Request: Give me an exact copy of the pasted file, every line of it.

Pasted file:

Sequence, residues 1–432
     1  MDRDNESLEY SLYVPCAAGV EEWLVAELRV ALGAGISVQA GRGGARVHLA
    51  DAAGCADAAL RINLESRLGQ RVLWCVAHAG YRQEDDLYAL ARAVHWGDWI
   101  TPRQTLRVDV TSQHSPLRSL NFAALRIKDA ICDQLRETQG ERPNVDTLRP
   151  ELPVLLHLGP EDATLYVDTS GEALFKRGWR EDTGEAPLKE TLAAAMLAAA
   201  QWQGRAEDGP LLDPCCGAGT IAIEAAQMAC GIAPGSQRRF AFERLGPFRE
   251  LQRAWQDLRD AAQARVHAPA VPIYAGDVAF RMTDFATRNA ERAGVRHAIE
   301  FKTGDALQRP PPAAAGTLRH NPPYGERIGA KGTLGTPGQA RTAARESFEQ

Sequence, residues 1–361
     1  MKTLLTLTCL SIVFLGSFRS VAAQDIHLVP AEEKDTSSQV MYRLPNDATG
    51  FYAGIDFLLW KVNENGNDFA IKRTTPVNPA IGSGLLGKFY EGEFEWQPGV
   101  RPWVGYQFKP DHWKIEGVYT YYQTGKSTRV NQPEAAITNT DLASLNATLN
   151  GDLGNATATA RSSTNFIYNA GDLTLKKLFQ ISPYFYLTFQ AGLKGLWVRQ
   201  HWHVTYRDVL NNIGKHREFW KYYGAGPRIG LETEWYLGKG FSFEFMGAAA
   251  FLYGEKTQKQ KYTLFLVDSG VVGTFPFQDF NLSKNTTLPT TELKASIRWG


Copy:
Sequence, residues 1–432
     1  MDRDNESLEY SLYVPCAAGV EEWLVAELRV ALGAGISVQA GRGGARVHLA
    51  DAAGCADAAL RINLESRLGQ RVLWCVAHAG YRQEDDLYAL ARAVHWGDWI
   101  TPRQTLRVDV TSQHSPLRSL NFAALRIKDA ICDQLRETQG ERPNVDTLRP
   151  ELPVLLHLGP EDATLYVDTS GEALFKRGWR EDTGEAPLKE TLAAAMLAAA
   201  QWQGRAEDGP LLDPCCGAGT IAIEAAQMAC GIAPGSQRRF AFERLGPFRE
   251  LQRAWQDLRD AAQARVHAPA VPIYAGDVAF RMTDFATRNA ERAGVRHAIE
   301  FKTGDALQRP PPAAAGTLRH NPPYGERIGA KGTLGTPGQA RTAARESFEQ

Sequence, residues 1–361
     1  MKTLLTLTCL SIVFLGSFRS VAAQDIHLVP AEEKDTSSQV MYRLPNDATG
    51  FYAGIDFLLW KVNENGNDFA IKRTTPVNPA IGSGLLGKFY EGEFEWQPGV
   101  RPWVGYQFKP DHWKIEGVYT YYQTGKSTRV NQPEAAITNT DLASLNATLN
   151  GDLGNATATA RSSTNFIYNA GDLTLKKLFQ ISPYFYLTFQ AGLKGLWVRQ
   201  HWHVTYRDVL NNIGKHREFW KYYGAGPRIG LETEWYLGKG FSFEFMGAAA
   251  FLYGEKTQKQ KYTLFLVDSG VVGTFPFQDF NLSKNTTLPT TELKASIRWG